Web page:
Glenn Kirschner: Texas Federal Court Judge Throws Out GOP Challenge to Drive-Thru Voting. The Judiciary is Holding, Nov 2, 2020
LastWeekTonight: Trump & the Coronavirus: Last Week Tonight with John Oliver (HBO), Nov 1, 2020, and William Barr: Last Week Tonight with John Oliver (HBO), Nov 2, 2020
Brian Tyler Cohen: Trump broadcasts plan to try to STEAL election in bombshell admission, Nov 2, 2020
Watch live coverage as Joe Biden campaigns on the eve of Election Day with Lady Gaga in Pittsburgh, Pa. Be sure to read our latest breaking news updates, fact checks and our frequently updated live blog at NBC News.com/2020. » Subscribe to NBC News: http://nbcnews.to/SubscribeToNBC » Watch more NBC video: http://bit.ly/MoreNBCNews
Trump’s Campaign Is Building an Army of Poll Watchers. What Can They Actually Do? | 2020 Elections
President Trump and his campaign have been calling for an army of poll watchers on Election Day. What is poll watching, and when does it cross the line? We look at how a federal consent decree restricted the Republican Party for decades, and why its expiration could make a difference in 2020. Subscribe: http://bit.ly/U8Ys7n More from The New York Times Video: http://nytimes.com/video ———- Whether it’s reporting on conflicts abroad and political divisions at home, or covering the latest style trends and scientific developments, New York Times video journalists provide a revealing and unforgettable view of the world. It’s all the news that’s fit to watch.
Trump Suggests He’ll Fire Dr. Fauci After Election | NowThis
Police assaulted peaceful demonstrators during a nonpartisan march to the polls in North Carolina, where children, seniors, and at least one woman in a wheelchair were pepper sprayed (warning: distressing content). » Subscribe to NowThis: http://go.nowth.is/News_Subscribe » Sign up for our newsletter KnowThis to get the biggest stories of the day delivered straight to your inbox: https://go.nowth.is/KnowThis
A federal Court judge in Texas (appointed by George W. Bush) rejected attempts by Republicans to throw out 127,000 votes because they were cast at a drive-trhu voting location. So now, both the Texas State Supreme Court AND a federal court in Texas have ruled the votes must be counted. The state of the judiciary remains strong. With Trump about to lose in a landslide, the courts will not save him. Please consider becoming a #TeamJustice patron at: https://www.patreon.com/glennkirschner My podcast, “Justice Matters with Glenn Kirschner” can be downloaded where you get your podcasts. Follow me on: https://www.twitter.com/glennkirschner2 Instagram: https://www.instagram.com/glennkirsch…
Trump & the Coronavirus: Last Week Tonight with John Oliver (HBO)
John Oliver takes a look at how the Trump administration has handled the coronavirus outbreak in the US, from lack of preparation, to mangled coordination, to harmful communication. Connect with Last Week Tonight online… Subscribe to the Last Week Tonight YouTube channel for more almost news as it almost happens: www.youtube.com/lastweektonight Find Last Week Tonight on Facebook like your mom would: www.facebook.com/lastweektonight Follow us on Twitter for news about jokes and jokes about news: www.twitter.com/lastweektonight Visit our official site for all that other stuff at once: www.hbo.com/lastweektonight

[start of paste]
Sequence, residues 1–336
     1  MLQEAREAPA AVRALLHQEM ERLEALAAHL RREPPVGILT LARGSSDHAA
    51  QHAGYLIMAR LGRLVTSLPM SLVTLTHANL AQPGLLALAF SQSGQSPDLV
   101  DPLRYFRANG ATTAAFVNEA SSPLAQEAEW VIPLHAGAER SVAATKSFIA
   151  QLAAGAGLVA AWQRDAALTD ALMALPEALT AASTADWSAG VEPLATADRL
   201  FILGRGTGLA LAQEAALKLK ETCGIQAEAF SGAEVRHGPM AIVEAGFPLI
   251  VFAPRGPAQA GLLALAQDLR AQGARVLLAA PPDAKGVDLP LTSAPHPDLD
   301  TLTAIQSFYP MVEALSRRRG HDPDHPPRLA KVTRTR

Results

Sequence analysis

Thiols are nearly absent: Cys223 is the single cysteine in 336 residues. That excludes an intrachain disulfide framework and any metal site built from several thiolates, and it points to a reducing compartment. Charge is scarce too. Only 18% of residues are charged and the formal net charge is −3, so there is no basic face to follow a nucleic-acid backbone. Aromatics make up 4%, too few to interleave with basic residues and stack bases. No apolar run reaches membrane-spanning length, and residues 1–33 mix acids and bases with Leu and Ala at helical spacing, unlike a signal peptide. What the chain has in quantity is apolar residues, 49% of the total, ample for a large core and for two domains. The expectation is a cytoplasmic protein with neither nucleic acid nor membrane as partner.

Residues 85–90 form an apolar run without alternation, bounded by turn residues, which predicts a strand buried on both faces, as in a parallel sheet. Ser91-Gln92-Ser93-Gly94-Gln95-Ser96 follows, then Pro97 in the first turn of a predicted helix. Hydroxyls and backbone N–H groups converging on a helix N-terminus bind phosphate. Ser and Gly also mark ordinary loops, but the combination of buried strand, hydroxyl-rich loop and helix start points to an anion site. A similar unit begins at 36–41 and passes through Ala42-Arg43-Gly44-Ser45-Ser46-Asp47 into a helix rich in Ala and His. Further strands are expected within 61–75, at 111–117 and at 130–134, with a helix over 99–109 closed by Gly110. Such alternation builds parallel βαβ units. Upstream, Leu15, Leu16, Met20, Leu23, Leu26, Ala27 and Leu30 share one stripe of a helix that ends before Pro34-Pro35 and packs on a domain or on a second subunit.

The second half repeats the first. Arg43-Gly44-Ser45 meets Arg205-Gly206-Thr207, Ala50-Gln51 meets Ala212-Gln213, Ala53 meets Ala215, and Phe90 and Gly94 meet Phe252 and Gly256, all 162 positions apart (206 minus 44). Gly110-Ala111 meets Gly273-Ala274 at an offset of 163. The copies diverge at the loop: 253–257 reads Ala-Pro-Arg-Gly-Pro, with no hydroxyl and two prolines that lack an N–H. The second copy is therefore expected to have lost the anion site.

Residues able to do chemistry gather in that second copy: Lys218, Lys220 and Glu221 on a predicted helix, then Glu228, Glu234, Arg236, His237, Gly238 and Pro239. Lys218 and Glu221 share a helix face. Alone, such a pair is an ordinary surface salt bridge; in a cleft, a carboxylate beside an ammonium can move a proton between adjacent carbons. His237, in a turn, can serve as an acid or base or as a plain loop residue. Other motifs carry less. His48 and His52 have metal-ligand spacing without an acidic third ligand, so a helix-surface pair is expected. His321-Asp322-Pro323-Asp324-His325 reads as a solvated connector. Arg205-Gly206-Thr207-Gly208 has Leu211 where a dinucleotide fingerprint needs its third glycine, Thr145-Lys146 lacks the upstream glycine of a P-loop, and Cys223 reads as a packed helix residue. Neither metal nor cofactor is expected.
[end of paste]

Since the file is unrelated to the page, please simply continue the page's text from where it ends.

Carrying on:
William Barr: Last Week Tonight with John Oliver (HBO)
John Oliver discusses William Barr’s attitude toward authority and executive power, how that attitude has influenced Donald Trump’s presidency, and what it could mean if Trump wins a second term. Connect with Last Week Tonight online… Subscribe to the Last Week Tonight YouTube channel for more almost news as it almost happens: www.youtube.com/lastweektonight Find Last Week Tonight on Facebook like your mom would: www.facebook.com/lastweektonight Follow us on Twitter for news about jokes and jokes about news: www.twitter.com/lastweektonight Visit our official site for all that other stuff at once: www.hbo.com/lastweektonight
Trump broadcasts plan to try to STEAL election in bombshell admission
Seth takes a closer look at Trump threatening to prematurely declare victory and steal the election through the courts. Late Night with Seth Meyers is supporting God’s Love We Deliver to help those in need during the COVID-19 pandemic. God’s Love We Deliver is a New York City-based organization that for over 30 years has provided personalized meals and nutrition counseling, free of charge, to those living with severe illnesses. With the help of 17,000 volunteers, God’s Love We Deliver provides over 2 million free meals each year to thousands of New York’s most vulnerable. Click the button on the above/below to donate or visit www.glwd.org. Late Night with Seth Meyers. Stream now on Peacock: https://bit.ly/3erP2gX
Most of us would probably agree that living through these difficult times, it’s quite easy to forget how spectacular and mesmerizing the world we live in truly is. Luckily, we’ve got a lot of talented artists and annual photography contests, such as the Landscape Photographer of the Year competition, that do a very good job of reminding us of all these things.
For the 13th time, this year’s Landscape Photographer of the Year competition invited both professional and amateur photographers to celebrate the mesmerizing landscape of the United Kingdom. The contest has four categories as well as the youth competition for photographers aged 18 or under. The winner of the whole contest gets awarded the prestigious title “Landscape Photographer of the Year 2020” and £10,000. In addition, there are also prizes of £1000 and £500 for the images judged the best and second-best in each of four categories. The best photographer in the youth competition becomes the “Young Landscape Photographer of the Year 2020” and wins £1,000.
With that being said, Bored Panda invites you to look through some of the most spectacular shots from the Landscape Photographer of the Year competition 2020.